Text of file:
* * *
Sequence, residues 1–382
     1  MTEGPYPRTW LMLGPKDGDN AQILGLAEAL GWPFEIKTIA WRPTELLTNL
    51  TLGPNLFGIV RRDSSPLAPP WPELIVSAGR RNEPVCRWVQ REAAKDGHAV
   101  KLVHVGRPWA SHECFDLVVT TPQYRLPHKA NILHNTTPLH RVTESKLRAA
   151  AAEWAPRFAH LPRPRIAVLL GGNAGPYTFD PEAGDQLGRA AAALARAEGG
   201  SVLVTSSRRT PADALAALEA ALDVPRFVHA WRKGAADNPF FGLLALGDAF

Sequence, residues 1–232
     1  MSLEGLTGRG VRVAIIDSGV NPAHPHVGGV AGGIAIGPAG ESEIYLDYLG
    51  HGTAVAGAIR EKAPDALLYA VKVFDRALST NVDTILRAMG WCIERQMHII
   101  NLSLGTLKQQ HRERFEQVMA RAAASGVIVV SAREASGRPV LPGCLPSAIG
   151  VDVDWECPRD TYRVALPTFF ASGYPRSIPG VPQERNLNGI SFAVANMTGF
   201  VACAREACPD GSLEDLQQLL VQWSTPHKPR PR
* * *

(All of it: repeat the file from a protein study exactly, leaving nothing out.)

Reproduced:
Sequence, residues 1–382
     1  MTEGPYPRTW LMLGPKDGDN AQILGLAEAL GWPFEIKTIA WRPTELLTNL
    51  TLGPNLFGIV RRDSSPLAPP WPELIVSAGR RNEPVCRWVQ REAAKDGHAV
   101  KLVHVGRPWA SHECFDLVVT TPQYRLPHKA NILHNTTPLH RVTESKLRAA
   151  AAEWAPRFAH LPRPRIAVLL GGNAGPYTFD PEAGDQLGRA AAALARAEGG
   201  SVLVTSSRRT PADALAALEA ALDVPRFVHA WRKGAADNPF FGLLALGDAF

Sequence, residues 1–232
     1  MSLEGLTGRG VRVAIIDSGV NPAHPHVGGV AGGIAIGPAG ESEIYLDYLG
    51  HGTAVAGAIR EKAPDALLYA VKVFDRALST NVDTILRAMG WCIERQMHII
   101  NLSLGTLKQQ HRERFEQVMA RAAASGVIVV SAREASGRPV LPGCLPSAIG
   151  VDVDWECPRD TYRVALPTFF ASGYPRSIPG VPQERNLNGI SFAVANMTGF
   201  VACAREACPD GSLEDLQQLL VQWSTPHKPR PR